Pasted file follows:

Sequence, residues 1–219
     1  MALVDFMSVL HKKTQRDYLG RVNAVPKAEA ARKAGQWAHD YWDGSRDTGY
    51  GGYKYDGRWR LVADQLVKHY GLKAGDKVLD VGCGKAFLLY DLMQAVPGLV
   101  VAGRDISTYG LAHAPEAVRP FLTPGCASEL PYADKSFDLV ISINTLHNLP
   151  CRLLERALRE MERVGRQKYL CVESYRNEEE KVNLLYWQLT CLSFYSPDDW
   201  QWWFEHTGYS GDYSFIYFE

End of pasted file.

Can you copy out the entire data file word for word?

Sequence, residues 1–219
     1  MALVDFMSVL HKKTQRDYLG RVNAVPKAEA ARKAGQWAHD YWDGSRDTGY
    51  GGYKYDGRWR LVADQLVKHY GLKAGDKVLD VGCGKAFLLY DLMQAVPGLV
   101  VAGRDISTYG LAHAPEAVRP FLTPGCASEL PYADKSFDLV ISINTLHNLP
   151  CRLLERALRE MERVGRQKYL CVESYRNEEE KVNLLYWQLT CLSFYSPDDW
   201  QWWFEHTGYS GDYSFIYFE